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The Semicolon and Its Usage

The semicolon is a commonly misunderstood punctuation mark. It may be useful to think of it as something between a comma and a full stop; it both separates and links the clauses that it appears between. Although opinions vary about the instances in which a semicolon is required, the three usages that follow are widely … Read more

Inclusive Language

Inclusive language has a simple purpose: to ensure that a piece of communication–it may be written or spoken–does not discriminate against groups of people in the community. Discrimination can range from exclusion to derogatory comments and can be based on gender, race, ethnicity, religion, disability, sexual orientation or other perceived differences. Often disparaged as ‘political … Read more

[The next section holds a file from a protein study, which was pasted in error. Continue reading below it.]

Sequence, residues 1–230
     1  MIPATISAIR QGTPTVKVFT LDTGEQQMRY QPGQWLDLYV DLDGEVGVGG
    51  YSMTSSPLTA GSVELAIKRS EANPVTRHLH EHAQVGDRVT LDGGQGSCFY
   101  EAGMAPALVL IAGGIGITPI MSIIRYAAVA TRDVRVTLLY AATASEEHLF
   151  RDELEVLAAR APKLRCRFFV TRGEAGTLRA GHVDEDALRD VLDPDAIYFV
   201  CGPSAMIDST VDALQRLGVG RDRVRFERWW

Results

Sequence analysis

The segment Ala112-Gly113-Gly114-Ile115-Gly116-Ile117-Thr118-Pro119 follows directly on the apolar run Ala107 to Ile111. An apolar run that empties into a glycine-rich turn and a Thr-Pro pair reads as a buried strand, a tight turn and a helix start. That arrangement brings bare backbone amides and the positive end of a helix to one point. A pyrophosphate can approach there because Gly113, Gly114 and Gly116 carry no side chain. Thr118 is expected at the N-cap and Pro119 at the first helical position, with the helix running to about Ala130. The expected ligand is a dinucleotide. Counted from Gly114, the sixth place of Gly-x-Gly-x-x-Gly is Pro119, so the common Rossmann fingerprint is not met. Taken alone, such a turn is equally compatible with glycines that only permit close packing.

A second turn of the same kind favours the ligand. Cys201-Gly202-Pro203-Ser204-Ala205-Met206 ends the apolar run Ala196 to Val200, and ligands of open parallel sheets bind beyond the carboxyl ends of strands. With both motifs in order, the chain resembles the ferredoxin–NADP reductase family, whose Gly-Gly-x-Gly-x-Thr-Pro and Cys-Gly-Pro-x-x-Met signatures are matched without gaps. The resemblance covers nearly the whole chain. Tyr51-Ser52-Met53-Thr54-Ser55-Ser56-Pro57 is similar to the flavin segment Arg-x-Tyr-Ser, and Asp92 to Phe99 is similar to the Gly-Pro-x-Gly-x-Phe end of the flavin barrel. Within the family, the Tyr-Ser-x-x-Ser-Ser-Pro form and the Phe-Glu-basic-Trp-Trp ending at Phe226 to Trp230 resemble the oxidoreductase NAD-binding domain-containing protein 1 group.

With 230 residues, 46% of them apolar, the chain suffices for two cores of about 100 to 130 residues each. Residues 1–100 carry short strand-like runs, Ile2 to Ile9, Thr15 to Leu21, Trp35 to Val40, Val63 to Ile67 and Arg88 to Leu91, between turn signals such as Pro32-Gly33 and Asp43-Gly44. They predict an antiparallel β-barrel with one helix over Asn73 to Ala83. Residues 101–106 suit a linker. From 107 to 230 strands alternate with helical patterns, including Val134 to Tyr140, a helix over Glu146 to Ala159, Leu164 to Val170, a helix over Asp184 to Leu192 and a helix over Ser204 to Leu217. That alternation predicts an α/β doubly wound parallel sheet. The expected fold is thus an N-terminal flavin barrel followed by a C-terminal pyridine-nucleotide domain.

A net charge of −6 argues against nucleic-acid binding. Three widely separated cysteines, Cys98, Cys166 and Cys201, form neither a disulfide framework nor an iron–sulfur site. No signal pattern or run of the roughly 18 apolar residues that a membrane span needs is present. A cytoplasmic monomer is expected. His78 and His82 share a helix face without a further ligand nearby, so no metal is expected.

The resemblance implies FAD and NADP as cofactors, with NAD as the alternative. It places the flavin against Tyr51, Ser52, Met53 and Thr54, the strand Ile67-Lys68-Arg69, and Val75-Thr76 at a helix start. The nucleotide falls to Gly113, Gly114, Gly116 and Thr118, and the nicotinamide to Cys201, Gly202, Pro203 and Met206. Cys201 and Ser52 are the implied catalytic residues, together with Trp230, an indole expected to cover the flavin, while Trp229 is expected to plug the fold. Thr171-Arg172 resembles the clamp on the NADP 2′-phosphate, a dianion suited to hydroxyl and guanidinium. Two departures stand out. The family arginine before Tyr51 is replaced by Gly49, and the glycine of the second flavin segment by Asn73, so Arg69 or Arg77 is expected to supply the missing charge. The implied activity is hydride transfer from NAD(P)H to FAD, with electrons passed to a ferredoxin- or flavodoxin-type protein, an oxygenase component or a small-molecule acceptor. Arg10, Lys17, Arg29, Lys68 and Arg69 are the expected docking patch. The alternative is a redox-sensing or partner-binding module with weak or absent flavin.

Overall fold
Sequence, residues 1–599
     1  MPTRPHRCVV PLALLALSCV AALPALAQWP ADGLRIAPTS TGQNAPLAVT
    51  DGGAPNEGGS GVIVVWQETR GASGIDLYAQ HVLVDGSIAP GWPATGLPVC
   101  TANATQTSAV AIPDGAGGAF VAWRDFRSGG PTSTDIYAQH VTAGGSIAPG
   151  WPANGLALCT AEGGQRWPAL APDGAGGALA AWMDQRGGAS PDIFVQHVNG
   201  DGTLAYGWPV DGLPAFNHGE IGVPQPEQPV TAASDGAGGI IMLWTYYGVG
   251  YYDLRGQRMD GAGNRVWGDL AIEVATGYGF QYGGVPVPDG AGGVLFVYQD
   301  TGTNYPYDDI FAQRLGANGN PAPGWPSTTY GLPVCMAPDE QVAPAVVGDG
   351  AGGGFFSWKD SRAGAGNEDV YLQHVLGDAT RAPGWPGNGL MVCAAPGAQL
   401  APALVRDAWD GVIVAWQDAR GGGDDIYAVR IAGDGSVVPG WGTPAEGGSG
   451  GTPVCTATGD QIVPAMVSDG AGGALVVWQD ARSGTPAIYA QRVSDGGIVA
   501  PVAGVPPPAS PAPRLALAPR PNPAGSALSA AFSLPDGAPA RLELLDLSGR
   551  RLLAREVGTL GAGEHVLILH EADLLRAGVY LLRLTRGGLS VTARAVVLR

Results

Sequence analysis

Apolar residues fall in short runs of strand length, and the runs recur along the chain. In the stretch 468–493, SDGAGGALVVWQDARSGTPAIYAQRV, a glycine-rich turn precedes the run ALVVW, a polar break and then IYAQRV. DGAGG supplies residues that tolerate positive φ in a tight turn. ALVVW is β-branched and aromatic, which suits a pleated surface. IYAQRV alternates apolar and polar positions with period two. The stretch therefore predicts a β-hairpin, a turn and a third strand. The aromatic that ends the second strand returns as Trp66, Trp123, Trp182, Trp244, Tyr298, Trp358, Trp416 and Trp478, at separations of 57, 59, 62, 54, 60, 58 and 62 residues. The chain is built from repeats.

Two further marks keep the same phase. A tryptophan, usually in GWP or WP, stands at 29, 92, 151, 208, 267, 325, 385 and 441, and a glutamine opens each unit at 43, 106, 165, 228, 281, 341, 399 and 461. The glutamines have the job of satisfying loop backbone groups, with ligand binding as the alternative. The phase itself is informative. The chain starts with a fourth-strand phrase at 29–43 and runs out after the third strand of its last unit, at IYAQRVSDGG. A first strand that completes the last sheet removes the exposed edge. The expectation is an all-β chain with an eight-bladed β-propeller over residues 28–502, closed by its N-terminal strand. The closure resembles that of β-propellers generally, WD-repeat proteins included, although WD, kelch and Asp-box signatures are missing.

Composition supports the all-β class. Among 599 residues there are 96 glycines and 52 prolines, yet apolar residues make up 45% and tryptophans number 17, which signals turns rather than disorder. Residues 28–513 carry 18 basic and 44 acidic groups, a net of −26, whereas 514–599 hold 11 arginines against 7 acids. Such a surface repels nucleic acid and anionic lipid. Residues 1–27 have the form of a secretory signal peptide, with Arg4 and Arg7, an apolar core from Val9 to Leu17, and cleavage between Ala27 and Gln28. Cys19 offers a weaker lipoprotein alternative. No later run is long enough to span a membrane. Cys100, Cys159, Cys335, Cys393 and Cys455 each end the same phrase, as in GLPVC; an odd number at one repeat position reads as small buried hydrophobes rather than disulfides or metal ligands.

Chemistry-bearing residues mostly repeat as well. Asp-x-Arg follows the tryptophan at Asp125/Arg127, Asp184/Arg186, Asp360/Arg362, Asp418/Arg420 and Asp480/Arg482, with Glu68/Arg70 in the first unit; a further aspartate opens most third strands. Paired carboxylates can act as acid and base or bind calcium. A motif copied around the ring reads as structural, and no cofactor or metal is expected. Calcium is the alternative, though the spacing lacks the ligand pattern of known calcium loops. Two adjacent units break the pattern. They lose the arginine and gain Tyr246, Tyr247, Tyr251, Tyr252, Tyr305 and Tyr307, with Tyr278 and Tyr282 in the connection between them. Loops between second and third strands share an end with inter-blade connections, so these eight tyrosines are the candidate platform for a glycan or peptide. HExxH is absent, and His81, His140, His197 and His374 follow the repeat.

Shortened Words and Symbols

The correct usage of shortened words and symbols can be confusing for some writers. This does not need to be the case: there are a few basic rules to understand that can ensure these are used correctly and consistently. Shortened words comprise two types: abbreviations and contractions. Not understanding the difference between these two types … Read more

Dash It All! Or, How I Learned to Work with En Dashes and Em dashes.

Dashes that separate parts of a sentence Dashes are used to separate parts of a sentence, especially when there is an abrupt change from one clause to another, or if special emphasis is required when adding information to an existing clause. See the following sentence for an example: Greek infantry, based on the hoplite—the heavily … Read more

Hyphens, En Dashes and Em Dashes

When and Where to Use Hyphens A hyphen is a small dash and is the most frequently used of the three punctuation marks. It is used mostly to join words together. A simple example is joining two or more words that describe a noun when they appear before the noun, such as in the following … Read more